Release Date: Dec 3, 2013
Record label: Numero Group
Genre(s): R&B, Soul, Funk, Contemporary R&B
Purple Snow: Forecasting the Minneapolis Sound looks back to a forgotten generation of Minnesotan musicians—1970s purveyors of R&B, soul, and funk—who fuelled the trajectory, filled the ears and paved the way for a youthful Prince Nelson Rogers..
Regional funk and R&B compilations have been flooding the reissue market for ages now, and yet in all that time, it's taken until this year for even the deepest-digging reissue label in the business to get to the foundation of one of the most vital scenes in funk lore. The chart-topping, synth-heavy pulse that came out of the Twin Cities in the 80s still seems, even to most music fans short of the local veteran scenester, to be an abrupt fluke of auteurist proficiency and creativity, largely credited to the braintrusts of everything-man superstar Prince and the songwriting/production juggernaut of Jimmy Jam Harris and Terry Lewis. The groups these three names cut their chops with have been hinted at by music historians, and the peers they shared a scene with got some acknowledgment here and there.
On its 50th release, reissue label Numero Group is dipping into the pure waters of Lake Minnetonka. For Purple Snow, the label has unearthed overlooked and rare tracks from the Minneapolis soul, R&B and electro-funk scene of the late 70s and early 80s. (Top 40 listeners would know its super-tight, synth-led sound from Prince's Purple Rain and Janet Jackson's Control, produced by the Time's Jimmy Jam and Terry Lewis.) Although the compilation and accompanying 30,000-word book give deeper context to Prince's music, the Purple One is peripheral here, contributing guitar to 94 East's If You See Me and the Lewis Connection's Got To Be Something Here.
Purple Snow follows Secret Stash's Twin Cities Funk & Soul but, true to Numero Group form, it's a lavish package -- a major undertaking, even by the label's standard. Its two discs, stored in pouches within the front and back of a hardbound 140-page book filled with eye-popping images and information, contain over 70 minutes of music released on small labels. Another hour consists of previously unissued material.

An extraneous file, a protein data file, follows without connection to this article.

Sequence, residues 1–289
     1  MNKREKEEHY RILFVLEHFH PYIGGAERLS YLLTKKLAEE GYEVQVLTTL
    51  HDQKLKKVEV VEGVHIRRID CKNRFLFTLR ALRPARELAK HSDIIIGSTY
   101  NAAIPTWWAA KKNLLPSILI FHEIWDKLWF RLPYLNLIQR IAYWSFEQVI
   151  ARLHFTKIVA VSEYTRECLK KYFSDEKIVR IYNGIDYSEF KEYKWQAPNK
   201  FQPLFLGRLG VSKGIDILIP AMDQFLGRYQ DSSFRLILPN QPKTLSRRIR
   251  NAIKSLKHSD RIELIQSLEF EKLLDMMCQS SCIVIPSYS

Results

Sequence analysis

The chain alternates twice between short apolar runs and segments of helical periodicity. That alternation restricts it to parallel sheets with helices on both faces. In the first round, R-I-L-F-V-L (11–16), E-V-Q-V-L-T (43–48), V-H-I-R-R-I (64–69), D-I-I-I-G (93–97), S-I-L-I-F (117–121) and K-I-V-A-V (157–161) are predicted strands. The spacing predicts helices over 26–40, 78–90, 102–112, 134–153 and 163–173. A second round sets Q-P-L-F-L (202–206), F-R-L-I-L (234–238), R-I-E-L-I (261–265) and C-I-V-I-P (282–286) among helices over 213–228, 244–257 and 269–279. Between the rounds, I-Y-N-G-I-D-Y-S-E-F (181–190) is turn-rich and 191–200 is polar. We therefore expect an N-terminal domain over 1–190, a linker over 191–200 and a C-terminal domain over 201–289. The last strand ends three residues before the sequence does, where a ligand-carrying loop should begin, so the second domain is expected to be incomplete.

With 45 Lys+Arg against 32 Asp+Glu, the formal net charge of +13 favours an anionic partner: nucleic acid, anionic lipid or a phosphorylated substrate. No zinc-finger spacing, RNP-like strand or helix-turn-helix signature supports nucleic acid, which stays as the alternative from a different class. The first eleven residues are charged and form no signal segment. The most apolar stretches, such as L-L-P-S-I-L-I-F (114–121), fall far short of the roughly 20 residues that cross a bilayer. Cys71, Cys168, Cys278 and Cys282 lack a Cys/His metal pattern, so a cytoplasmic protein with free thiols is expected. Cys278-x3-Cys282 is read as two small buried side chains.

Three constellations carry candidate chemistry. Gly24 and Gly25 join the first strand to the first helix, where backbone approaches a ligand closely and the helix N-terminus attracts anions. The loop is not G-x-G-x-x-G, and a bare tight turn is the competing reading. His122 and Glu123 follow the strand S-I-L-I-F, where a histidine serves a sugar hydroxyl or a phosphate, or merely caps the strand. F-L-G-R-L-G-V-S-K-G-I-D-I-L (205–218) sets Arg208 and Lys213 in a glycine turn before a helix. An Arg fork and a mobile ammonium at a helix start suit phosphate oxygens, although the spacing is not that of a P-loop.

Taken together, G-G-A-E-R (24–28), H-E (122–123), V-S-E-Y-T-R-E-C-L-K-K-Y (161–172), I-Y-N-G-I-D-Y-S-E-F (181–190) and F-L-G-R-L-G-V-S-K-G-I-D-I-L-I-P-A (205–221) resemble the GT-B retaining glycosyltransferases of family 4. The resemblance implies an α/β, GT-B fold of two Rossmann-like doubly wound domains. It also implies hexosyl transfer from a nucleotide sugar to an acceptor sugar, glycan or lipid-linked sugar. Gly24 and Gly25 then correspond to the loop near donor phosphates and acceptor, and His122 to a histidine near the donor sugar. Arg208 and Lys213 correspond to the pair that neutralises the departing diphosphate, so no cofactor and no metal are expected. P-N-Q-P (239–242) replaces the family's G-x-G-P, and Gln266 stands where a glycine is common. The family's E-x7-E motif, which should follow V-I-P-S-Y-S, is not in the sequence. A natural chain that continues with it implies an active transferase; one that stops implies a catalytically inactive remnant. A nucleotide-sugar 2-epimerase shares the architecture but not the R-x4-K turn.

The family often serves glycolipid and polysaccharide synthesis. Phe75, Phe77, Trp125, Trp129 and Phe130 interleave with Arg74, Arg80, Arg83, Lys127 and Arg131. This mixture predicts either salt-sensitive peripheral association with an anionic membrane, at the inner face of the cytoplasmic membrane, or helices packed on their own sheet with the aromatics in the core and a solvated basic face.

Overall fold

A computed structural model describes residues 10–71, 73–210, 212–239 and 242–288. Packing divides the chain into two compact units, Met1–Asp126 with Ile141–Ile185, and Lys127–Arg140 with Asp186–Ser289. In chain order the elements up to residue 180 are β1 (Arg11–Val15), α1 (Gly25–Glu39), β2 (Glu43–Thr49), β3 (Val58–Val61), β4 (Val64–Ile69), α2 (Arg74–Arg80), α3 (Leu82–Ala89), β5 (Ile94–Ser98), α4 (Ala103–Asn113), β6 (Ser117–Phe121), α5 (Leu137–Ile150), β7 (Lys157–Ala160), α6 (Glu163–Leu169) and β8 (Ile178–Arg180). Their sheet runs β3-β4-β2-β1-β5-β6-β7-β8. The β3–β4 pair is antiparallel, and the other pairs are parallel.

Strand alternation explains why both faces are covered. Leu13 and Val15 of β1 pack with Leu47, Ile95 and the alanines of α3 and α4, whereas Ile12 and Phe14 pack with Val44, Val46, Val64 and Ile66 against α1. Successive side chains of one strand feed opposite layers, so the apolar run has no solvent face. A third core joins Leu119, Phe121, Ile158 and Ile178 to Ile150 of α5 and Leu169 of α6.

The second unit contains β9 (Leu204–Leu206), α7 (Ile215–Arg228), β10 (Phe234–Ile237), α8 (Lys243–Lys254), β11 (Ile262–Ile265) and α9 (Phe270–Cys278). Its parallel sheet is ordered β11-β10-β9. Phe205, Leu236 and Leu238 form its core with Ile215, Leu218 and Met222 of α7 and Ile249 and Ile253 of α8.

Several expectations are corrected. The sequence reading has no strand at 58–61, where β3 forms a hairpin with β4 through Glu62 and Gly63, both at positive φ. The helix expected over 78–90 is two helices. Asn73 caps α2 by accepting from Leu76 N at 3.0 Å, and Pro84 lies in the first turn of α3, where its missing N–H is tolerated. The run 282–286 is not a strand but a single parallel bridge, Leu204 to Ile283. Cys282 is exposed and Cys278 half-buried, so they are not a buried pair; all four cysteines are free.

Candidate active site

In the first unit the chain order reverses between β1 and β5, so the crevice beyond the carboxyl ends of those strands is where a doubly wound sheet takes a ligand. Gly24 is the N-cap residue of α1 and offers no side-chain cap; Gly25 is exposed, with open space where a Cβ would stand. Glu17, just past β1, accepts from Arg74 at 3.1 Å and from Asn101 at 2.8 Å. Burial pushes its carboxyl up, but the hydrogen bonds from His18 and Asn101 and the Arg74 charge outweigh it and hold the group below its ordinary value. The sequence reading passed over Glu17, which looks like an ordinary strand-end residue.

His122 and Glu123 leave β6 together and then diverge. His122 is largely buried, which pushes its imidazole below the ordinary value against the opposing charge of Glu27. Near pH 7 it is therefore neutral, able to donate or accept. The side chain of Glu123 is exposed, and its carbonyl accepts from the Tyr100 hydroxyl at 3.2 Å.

The combination of America’s vast size and the relative insularity of its cities has long helped to create highly individual local music scenes: New Orleans funk, Detroit techno, Houston’s chopped and screwed hip-hop, Baltimore’s Bmore breakbeats. Minneapolis, America’s 48th largest city, is an exception to this rule, and its wider musical history is something of an unknown quantity despite once being home to both Prince and the famous R&B production team Jimmy Jam and Terry Lewis. ‘Purple Snow…’, an excellent 32-track compilation that comes with a comprehensive hardback book, is an attempt to redress this, rounding up tracks from 22 of the key artists who would help to create the Minneapolis sound of the late ’70s and early ’80s, producing what the accompanying book calls “radical manipulations of American dance music, coating their futuristic funk with the glamorous sheen of guitar rock”.
The hybrid of funk, pop, New Wave and guitar-rock Prince concocted in the early Eighties was briefly dubbed "The Minneapolis sound." This two-disc set tells the story of that sound, from the proto-disco Seventies to the synthed-up Eighties. You get a high school "Prince Nelson," in 1975, playing breezy guitar with his cousin's ex-husband's lite-funk band 94 East, and two unreleased 1979 tracks from future R&B superproducer Terry Lewis' band Flyte Tyme. As the Prince era dawns, fascinating strains of paisley abound – like Alexander O'Neal's "Borrowed Time," which puts Rick James in moon boots and hits like Kirby Puckett.
It's been said that jazz is the only original American art form but most days I'd almost be inclined to say funk instead. Maybe because I grew up at a closer distance to it as a 70s kid - I was never constantly surrounded by it, by any means, but you could hear it echoing through the TV shows, the commercials, it was always just there, and it meant more the deeper you went. For its fiftieth formal release in its main series, Numero brought its usual exhaustive, almost near exhausting eye to one place where it hit big among those there, then turned into something altogether unique and itself.